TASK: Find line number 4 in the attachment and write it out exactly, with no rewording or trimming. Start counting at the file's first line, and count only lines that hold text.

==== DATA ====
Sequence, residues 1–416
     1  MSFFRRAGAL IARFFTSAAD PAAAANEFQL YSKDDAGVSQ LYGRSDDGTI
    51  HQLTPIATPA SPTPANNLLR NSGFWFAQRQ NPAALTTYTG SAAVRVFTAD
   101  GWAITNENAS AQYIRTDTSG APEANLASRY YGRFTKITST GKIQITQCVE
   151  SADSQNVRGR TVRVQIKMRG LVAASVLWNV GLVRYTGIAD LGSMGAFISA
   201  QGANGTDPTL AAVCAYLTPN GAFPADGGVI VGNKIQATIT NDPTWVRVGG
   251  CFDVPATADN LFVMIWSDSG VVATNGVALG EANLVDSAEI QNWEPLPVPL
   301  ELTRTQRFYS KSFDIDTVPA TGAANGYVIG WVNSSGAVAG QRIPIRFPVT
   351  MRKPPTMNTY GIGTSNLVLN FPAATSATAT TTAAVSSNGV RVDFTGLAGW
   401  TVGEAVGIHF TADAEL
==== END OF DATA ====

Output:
   101  GWAITNENAS AQYIRTDTSG APEANLASRY YGRFTKITST GKIQITQCVE